In this latest quarter update for 2019 we look at the different types of multi-unit/lot structures often requiring independent administration services. Most of these property structures are still quite commonly used and are often determined by the physical layout of the development.
Bodies Corporate – This is probably the most well known property structure for multi-units (and commercial, residential and mix-use property), and is governed by the Unit Titles Act 2010 and Unit Titles Regulations 2011. Most bodies corporate also have Operational Rules that govern day-to-day issues (noise, animals etc) and can be changed by owner majority. On the sale of a unit there is a requirement to provide purchasers with a Pre Contract Disclosure and Pre Settlement Disclosure Statement, which provides information on share of levies and notification on some weather-tightness issues (where applicable). There is a wide range of governance and compliance obligations. Disputes are often resolved through the Tenancy Tribunal.
Property Society – This structure is often used for freehold property with common/shared areas (such as a driveway, or gardens) and can have broad control on a range of issues. With this structure there is an encumbrance on the property title, binding owners together. There is a Constitution that outlines formal processes around formal meetings and committees as well as day-to-day operation rules (by laws) for which owners must comply – this could extend to noise, animals, exterior painting, etc. In addition to the Construction, the Society is also governed by the Incorporated Societies Act. Usually, upon the sale of a property, there is a requirement to provide the purchaser with a Statement of Indebtedness from the appointed administrators showing what is owed to the Society. Rules for a Society can generally be changed by a majority, and a Society can usually be wound down by agreement of the respective owners.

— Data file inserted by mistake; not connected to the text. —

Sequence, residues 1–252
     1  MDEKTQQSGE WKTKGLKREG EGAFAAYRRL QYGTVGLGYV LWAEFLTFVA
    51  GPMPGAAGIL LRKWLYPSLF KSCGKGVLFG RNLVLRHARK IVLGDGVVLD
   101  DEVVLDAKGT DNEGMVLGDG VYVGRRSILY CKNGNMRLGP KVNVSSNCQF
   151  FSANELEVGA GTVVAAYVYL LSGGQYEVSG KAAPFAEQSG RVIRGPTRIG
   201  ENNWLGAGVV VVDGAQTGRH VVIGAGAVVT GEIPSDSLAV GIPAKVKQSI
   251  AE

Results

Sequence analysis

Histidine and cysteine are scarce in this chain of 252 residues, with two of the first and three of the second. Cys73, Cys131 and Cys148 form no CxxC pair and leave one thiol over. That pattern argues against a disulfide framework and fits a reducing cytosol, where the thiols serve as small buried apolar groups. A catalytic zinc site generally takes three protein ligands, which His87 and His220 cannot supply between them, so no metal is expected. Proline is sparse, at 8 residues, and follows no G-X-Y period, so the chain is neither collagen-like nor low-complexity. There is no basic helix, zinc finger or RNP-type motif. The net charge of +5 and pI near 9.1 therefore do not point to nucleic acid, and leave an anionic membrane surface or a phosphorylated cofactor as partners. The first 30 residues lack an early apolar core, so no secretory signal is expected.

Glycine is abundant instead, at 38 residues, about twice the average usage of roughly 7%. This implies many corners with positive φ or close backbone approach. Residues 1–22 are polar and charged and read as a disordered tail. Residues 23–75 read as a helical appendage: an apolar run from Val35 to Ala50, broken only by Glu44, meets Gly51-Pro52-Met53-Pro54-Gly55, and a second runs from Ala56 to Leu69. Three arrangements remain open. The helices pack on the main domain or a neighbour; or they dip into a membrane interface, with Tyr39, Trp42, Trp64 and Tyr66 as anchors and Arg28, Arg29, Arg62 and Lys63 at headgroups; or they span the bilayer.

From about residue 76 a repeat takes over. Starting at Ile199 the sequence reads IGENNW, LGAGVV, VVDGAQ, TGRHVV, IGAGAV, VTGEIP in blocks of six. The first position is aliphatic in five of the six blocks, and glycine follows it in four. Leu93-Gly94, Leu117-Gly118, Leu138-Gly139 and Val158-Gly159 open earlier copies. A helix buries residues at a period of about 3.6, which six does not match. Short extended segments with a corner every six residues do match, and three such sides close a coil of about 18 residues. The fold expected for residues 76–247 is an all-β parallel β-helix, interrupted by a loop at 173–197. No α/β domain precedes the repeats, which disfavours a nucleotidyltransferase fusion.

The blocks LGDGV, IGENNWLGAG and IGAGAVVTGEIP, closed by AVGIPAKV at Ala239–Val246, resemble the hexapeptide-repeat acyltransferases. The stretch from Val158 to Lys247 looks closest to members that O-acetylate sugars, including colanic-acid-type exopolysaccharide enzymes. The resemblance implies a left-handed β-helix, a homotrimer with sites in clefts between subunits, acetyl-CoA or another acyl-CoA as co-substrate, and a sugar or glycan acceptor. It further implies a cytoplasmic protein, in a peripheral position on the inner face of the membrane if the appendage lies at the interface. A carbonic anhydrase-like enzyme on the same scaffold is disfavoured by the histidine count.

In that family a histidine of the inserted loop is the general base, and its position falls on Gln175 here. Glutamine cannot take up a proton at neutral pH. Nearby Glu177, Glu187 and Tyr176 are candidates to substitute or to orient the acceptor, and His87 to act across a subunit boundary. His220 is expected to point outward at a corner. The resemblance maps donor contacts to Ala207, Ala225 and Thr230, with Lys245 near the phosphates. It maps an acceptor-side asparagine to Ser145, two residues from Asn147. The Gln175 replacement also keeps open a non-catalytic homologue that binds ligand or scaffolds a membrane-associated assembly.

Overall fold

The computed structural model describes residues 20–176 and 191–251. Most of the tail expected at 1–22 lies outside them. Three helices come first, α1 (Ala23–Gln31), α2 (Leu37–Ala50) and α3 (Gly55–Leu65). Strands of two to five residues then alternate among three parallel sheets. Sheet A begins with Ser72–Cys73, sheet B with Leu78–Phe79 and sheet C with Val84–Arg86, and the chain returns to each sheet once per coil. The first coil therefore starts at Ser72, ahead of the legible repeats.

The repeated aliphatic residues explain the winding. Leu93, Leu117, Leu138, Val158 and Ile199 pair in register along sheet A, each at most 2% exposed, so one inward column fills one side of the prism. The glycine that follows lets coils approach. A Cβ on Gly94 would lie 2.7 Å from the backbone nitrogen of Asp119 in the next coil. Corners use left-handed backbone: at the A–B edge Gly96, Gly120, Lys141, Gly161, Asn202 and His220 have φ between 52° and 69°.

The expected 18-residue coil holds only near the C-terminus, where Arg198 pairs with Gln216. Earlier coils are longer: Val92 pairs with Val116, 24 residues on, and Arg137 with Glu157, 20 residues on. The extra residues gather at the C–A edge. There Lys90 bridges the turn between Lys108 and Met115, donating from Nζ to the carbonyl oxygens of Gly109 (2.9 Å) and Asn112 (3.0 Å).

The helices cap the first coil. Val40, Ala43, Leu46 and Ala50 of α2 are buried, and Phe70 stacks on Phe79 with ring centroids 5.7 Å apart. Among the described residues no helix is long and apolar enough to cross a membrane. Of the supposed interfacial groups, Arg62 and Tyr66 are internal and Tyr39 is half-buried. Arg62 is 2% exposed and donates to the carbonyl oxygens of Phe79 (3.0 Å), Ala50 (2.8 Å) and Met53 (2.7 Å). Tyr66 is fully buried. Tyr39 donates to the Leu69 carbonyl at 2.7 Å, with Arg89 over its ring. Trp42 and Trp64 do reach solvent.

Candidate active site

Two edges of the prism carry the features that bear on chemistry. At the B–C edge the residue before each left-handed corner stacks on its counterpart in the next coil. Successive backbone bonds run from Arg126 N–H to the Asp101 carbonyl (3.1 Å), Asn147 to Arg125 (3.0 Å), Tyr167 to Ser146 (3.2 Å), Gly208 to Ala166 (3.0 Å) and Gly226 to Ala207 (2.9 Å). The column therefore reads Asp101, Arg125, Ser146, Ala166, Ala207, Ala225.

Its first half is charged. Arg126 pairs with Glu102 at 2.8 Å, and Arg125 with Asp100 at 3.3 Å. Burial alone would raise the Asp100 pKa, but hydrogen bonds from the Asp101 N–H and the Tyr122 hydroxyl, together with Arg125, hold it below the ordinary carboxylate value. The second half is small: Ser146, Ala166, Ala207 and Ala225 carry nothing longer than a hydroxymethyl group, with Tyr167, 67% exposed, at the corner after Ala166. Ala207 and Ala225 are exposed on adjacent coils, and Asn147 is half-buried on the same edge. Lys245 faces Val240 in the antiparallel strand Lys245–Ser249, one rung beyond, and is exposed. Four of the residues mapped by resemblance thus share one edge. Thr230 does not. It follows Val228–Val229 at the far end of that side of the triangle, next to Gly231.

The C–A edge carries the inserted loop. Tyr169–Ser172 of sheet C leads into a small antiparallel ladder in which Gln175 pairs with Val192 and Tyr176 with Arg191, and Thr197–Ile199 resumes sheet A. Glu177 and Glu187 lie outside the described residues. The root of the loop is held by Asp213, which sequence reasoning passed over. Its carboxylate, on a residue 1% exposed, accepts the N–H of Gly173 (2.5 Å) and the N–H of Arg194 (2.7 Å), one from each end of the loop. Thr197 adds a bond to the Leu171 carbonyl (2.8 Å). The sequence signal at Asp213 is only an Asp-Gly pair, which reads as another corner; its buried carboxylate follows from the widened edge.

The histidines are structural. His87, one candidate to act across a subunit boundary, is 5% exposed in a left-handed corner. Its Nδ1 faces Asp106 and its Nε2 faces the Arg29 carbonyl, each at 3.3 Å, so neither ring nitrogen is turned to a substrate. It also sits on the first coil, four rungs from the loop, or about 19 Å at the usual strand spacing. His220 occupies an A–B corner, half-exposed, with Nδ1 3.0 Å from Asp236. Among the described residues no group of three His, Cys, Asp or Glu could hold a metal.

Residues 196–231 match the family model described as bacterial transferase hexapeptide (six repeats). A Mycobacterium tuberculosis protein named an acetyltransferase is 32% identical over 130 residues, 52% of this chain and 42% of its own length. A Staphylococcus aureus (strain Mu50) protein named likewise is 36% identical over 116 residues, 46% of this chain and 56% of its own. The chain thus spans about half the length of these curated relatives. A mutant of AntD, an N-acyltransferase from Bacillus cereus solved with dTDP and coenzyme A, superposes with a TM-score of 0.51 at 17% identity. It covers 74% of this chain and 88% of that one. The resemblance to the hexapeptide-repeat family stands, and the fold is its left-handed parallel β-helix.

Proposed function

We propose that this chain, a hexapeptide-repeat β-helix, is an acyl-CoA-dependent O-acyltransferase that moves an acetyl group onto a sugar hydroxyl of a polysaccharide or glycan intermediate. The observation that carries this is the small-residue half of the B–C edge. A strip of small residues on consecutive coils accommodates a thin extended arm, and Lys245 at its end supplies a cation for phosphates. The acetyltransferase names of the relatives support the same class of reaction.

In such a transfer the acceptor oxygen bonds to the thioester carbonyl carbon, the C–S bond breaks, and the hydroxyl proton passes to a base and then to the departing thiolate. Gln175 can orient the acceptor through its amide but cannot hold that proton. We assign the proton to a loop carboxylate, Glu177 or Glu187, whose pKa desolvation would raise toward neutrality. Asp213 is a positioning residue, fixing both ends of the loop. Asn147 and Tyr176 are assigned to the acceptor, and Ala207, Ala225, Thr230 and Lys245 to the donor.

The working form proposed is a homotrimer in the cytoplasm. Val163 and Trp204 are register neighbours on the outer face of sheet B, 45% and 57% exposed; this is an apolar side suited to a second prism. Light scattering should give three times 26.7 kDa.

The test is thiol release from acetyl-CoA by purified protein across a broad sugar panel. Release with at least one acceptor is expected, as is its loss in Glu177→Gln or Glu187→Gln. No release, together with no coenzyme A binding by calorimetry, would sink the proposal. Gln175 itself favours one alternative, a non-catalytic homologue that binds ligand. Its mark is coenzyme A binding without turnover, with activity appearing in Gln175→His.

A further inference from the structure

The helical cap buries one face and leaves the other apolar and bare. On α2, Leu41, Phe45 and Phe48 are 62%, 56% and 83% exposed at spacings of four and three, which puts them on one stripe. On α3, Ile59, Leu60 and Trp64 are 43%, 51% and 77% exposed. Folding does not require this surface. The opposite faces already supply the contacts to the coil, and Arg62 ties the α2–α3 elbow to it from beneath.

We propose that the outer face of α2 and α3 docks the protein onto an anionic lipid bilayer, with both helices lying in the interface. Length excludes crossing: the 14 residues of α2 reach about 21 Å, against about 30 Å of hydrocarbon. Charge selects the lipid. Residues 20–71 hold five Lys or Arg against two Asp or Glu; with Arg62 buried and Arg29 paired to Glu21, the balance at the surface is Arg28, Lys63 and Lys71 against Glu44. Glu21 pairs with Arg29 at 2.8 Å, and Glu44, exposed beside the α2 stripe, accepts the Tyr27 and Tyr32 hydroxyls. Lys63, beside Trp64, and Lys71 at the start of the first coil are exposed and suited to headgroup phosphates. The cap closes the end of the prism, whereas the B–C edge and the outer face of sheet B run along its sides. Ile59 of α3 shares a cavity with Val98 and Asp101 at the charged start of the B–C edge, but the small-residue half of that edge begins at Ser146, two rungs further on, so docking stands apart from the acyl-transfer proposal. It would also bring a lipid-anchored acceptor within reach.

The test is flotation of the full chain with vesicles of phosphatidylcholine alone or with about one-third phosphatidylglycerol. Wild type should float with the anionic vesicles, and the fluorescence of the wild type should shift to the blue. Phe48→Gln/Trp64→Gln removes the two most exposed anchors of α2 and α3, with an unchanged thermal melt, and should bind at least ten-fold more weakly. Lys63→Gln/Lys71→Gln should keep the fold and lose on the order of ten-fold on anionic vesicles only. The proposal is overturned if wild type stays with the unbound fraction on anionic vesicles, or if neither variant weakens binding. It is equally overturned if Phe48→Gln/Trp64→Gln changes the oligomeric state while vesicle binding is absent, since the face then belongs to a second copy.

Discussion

Cross-Lease – This structure predates the earlier Unit Titles Act 1972 and is also used on occasions for what would otherwise be a Body Corporate or Property Society structure. This structure is an encumbrance (Memorandum of Lease) on each property title and will detail how governance will work within the property. The encumbrance is not able to be changed without universal agreement. A cross-lease is generally a macro property structure, which does not go into day-to-day rules control, such as noise, animals, etc.
If you have any questions regarding the above structures, please feel free to contact Steve Plummer of Scope Strata Management Ltd on 09 320 5215. Scope Strata manage a range of these type of structures.